Thu, 04 Dec 2003

The ASEAN-Japan summit

Although we fully understand and accept the reasons, we regret that Japanese Foreign Minister Yoriko Kawaguchi had to cancel her planned visit to Jakarta this week following the killing of two Japanese diplomats in Iraq on Saturday. Her visit to Jakarta was originally to discuss the final preparations for next week's ASEAN-Japan summit, which will be cochaired by Prime Minister Junichiro Koizumi and President Megawati Soekarnoputri.

We believe, however, that the cancellation will not affect the summit, whose purpose is to commemorate the 30th anniversary of relations between the regional grouping and Japan. As the diplomats' death is a sensitive issue in Tokyo at present, we hope that the summit will not be sidelined by Japan's domestic situation.

For the first time since its establishment in 1967, the Association of Southeast Asian Nations (ASEAN) will hold its summit outside the region. Koizumi's initiative is not the first such move by a Japanese leader. In the 1970s, for example, prime minister Takeo Fukuda was known for his "Fukuda Doctrine" on Southeast Asia. In 1998, Kiichi Miyazawa launched the US$30 billion "New Miyazawa Initiative" to help ASEAN countries face the economic crisis that had hit the region a year earlier.

Japan's position as the world's second-most powerful economy after the U.S., and as the largest investor and biggest donor in the ASEAN region -- plus the fact that Japan is ASEAN's most important trading partner -- makes the summit interesting to watch. It must be remembered, however, that geopolitical and economic conditions in this region were totally different in the 1970s to the situation that exists at present. A different response is therefore needed to the differing challenges.

Nations in the region are awaiting what concrete results they can expect from the summit for the advancement of the welfare and economic progress of both the region and for Japan, and what those results will mean for the improvement of political stability and security in Asia. Obviously, the hope in the region is that significant progress can be achieved, and we have every reason to believe that Japan is making serious preparations so it can come up with major workable initiatives to promote its relations with countries in the region. After all, a stable and prosperous ASEAN is crucial for Japan's own national security and economic interests.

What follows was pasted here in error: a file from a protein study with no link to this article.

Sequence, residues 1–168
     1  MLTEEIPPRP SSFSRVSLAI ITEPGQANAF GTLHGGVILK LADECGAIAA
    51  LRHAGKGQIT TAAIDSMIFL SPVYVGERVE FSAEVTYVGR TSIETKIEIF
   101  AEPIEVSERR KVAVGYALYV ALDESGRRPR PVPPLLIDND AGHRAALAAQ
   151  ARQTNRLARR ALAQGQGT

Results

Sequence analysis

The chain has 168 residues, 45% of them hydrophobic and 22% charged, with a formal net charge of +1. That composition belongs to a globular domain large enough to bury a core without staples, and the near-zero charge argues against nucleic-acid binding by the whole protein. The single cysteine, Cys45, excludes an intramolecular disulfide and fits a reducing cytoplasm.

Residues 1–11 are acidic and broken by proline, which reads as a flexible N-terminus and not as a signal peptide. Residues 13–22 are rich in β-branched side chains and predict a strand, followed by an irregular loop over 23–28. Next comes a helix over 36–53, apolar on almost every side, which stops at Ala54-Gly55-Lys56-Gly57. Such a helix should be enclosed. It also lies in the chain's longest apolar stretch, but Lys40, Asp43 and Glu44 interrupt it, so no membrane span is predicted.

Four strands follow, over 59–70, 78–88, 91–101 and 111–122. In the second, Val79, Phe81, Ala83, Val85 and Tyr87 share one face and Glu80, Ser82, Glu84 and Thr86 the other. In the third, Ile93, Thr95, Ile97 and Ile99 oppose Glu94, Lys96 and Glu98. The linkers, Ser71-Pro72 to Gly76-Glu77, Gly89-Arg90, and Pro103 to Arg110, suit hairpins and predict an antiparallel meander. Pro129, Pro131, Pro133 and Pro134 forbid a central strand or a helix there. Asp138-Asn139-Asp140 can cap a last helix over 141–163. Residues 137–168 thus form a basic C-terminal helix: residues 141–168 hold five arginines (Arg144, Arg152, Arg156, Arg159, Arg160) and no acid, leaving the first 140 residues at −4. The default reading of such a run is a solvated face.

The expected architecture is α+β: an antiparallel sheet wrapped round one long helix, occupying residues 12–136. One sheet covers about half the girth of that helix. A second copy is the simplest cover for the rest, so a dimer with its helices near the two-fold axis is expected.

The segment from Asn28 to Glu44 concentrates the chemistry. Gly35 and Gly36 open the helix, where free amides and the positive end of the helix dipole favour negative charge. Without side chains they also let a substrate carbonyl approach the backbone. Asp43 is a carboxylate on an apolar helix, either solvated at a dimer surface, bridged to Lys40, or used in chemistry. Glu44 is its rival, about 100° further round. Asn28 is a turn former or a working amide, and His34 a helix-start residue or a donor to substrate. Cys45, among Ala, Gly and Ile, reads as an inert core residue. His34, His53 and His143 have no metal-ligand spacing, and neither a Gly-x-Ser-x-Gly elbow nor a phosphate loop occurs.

According to press reports, Japan is likely to sign the Treaty of Amity and Cooperation in Southeast Asia (TAC) during the summit. China and India, two regional superpower countries in Asia, signed the TAC during the ASEAN Bali summit in October. Japan clearly wants to use the momentum of the Tokyo summit to join the treaty, although from an ASEAN perspective it would have been much better if Japan had signed the document in Bali, on ASEAN soil.

It is encouraging to see significant signs of Japan's economic recovery after more than 10 years of recession. The magnitude of the country's economy is proven by the fact that it remains the second strongest economy on the planet, despite the steep recession and deflation it is facing.

Although China's economy continues to show high growth, and China is regarded by many as the world's new economic power, Japan's economic role at this point remains the major pillar for Asia, especially ASEAN. The region's economic and trade ties with Japan and that country's huge official development assistance to Southeast Asian countries are a crucial factor for the region's economic progress. That role is not likely to change drastically, even in the long run.

Of course, it would be naive to claim that ASEAN is the most important partner for Japan and that therefore Tokyo should concentrate on the region. Japan at present is a global economic superpower, although politically it is widely regarded more as one of the most loyal allies of the U.S.

In the light of all this, we regret, however, to have to note that Japan's history during the Second World War and its occupation of several countries in this region during that period of its history remain traumatic, haunting not only the individual victims affected, but their nations as well. This factor often causes Japan to seem hesitant to play its international role to the fullest. Even in facing the nuclear crisis on the Korean peninsula, where its national security is at stake, Japan is very careful in confronting North Korea, which often uses Japan's past occupation of the peninsula as a convenient tool to attack it.

When the 10 ASEAN leaders -- including Myanmar's Prime Minister Gen. Than Shwe, who received some harsh words of warning from Koizumi over the detention of Myanmarese opposition leader Aung San Suu Kyi when they met during the Bali summit -- sit together with Prime Minister Koizumi on Dec. 11 and Dec. 12, all of them hope that they can return home with good news. This means that the summit should have a substantive agenda tabled for discussion, not just a meeting to strengthen friendship, as some critics maintain.